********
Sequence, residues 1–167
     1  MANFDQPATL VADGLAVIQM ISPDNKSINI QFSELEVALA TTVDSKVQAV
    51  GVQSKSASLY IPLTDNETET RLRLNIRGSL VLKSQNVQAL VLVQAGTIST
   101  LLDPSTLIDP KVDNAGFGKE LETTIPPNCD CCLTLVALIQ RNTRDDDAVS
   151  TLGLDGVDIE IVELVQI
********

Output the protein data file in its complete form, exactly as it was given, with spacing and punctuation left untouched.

Sequence, residues 1–167
     1  MANFDQPATL VADGLAVIQM ISPDNKSINI QFSELEVALA TTVDSKVQAV
    51  GVQSKSASLY IPLTDNETET RLRLNIRGSL VLKSQNVQAL VLVQAGTIST
   101  LLDPSTLIDP KVDNAGFGKE LETTIPPNCD CCLTLVALIQ RNTRDDDAVS
   151  TLGLDGVDIE IVELVQI